What is the difference between mRNA and viral vector vaccines?
An mRNA vaccine—such as the ones made by Pfizer-BioNTech or Moderna—provides genetic instructions for making viral proteins in the form of single-stranded RNA, in a lipid coat, to your cells, without injecting any virus itself. This has some exciting advantages because it only contains those virus components that you want the immune system to recognize, and it causes your own cells to mimic the way viral proteins are made when a cell is naturally infected with the virus. It is remarkably good at inducing the same type of immune response that would occur in a natural infection. A downside is that the mRNA needs to be kept very cold for it to be stable.
Viral vector vaccines—such as those made by AstraZeneca or Johnson & Johnson—use double-stranded DNA instead of RNA, but are still delivering genetic instructions to your cells. They use a modified, safe virus (not SARS-CoV-2) to deliver the instructions for making viral proteins.
Is there a “best” vaccine?
Different vaccine designs are chosen because they have unique advantages, so there is not a “best” vaccine, but there might be a vaccine that is better for a certain group of people to take. Both mRNA and viral vector vaccines instruct your cells to make pieces of the coronavirus spike protein so that the next time your body encounters those proteins it can mount an immune response. Efficacy numbers are derived from different clinical studies that were done in different settings, so instead of comparing those numbers, the thing to take away is that the authorized vaccines generally work. They have efficacy.
Will the vaccine protect you from giving the virus to others?
We hope so, but we don’t fully know yet. There are two key goals of vaccines: to protect the individual and to stop the spread of disease. We do have reason to be hopeful based on what we know about viruses and some emerging data, but we still don’t know for sure if vaccinations will reduce disease transmission. That is why it’s important to continue social distancing, wearing masks and following other guidelines to prevent the spread of disease, even if you have been vaccinated.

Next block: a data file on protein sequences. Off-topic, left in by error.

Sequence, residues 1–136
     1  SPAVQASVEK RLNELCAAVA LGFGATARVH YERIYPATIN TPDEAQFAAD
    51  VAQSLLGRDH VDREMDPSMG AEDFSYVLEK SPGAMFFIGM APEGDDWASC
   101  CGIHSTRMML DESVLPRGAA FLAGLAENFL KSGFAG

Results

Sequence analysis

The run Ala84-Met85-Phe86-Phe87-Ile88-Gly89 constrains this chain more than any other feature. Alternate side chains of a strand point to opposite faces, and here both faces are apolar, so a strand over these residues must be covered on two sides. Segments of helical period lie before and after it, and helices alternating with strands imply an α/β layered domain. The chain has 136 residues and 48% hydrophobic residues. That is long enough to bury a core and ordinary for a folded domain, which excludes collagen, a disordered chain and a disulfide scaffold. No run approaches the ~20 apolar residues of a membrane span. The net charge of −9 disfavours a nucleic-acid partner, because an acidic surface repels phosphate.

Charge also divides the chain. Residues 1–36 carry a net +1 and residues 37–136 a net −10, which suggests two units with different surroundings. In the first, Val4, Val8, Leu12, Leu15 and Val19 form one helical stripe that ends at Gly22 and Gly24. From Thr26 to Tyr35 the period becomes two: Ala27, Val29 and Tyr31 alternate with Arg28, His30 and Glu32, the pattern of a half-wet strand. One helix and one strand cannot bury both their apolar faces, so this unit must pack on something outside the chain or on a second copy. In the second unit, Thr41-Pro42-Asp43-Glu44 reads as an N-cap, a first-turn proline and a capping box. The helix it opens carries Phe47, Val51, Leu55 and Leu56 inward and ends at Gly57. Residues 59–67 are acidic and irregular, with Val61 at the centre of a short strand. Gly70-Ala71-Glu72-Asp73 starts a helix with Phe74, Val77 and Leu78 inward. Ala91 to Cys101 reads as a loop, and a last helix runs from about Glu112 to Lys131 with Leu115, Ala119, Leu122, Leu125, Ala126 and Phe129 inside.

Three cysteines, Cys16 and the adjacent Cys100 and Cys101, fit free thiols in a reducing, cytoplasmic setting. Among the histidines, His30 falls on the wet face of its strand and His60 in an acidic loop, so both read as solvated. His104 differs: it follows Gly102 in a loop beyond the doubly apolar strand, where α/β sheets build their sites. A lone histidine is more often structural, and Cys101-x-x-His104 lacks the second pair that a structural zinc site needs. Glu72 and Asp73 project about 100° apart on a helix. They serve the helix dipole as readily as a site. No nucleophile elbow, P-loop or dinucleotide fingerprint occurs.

Will the vaccine’s effectiveness “wear off” over time?
This could happen. Vaccines often need booster doses to confer the best levels of protection. Some vaccines can protect someone for a lifetime whereas others require a boost every few years. It will be important to monitor immune responses over time in those who are vaccinated so we will know if and when boosters are needed. Most of the currently available COVID vaccines require two doses to be fully effective. The CDC recently expanded the recommended allowable interval between doses because of limited availability, although some experts have criticized the decision.
Should you be worried about allergic reactions to the vaccine?
Allergic reactions can occur in response to any injected vaccines or drugs, but they are extremely rare. The vaccines should always be administered in a setting where health care providers can treat any allergic reactions that develop unexpectedly. People don’t need to be concerned about the vaccines if they have food allergies or latex allergies. Most people don’t need to worry about an allergic reaction. For those with a history of severe allergic reactions or allergies to the vaccine ingredients, it would be best to discuss it with a doctor before getting the COVID vaccine.
What side effects might you experience, and are those normal?
The common side effects are what we would expect for other vaccines: fatigue, headache, fever—particularly after the second dose—and acute pain at the injection site, which can feel warm to the touch and swollen; all of these symptoms are signs of immune reaction. These reactions are very common and often indicate that the immune system is working hard to recognize the vaccine and remember the new virus for next time.
How can you ensure you’re getting a legitimate, authorized vaccine?
It is always important to take vaccines under the supervision of a licensed medical provider. Make an appointment with a designated clinic or retail pharmacy where vaccines are available. Check with your doctor about any concerns because there are clear distribution plans for vaccines in most places.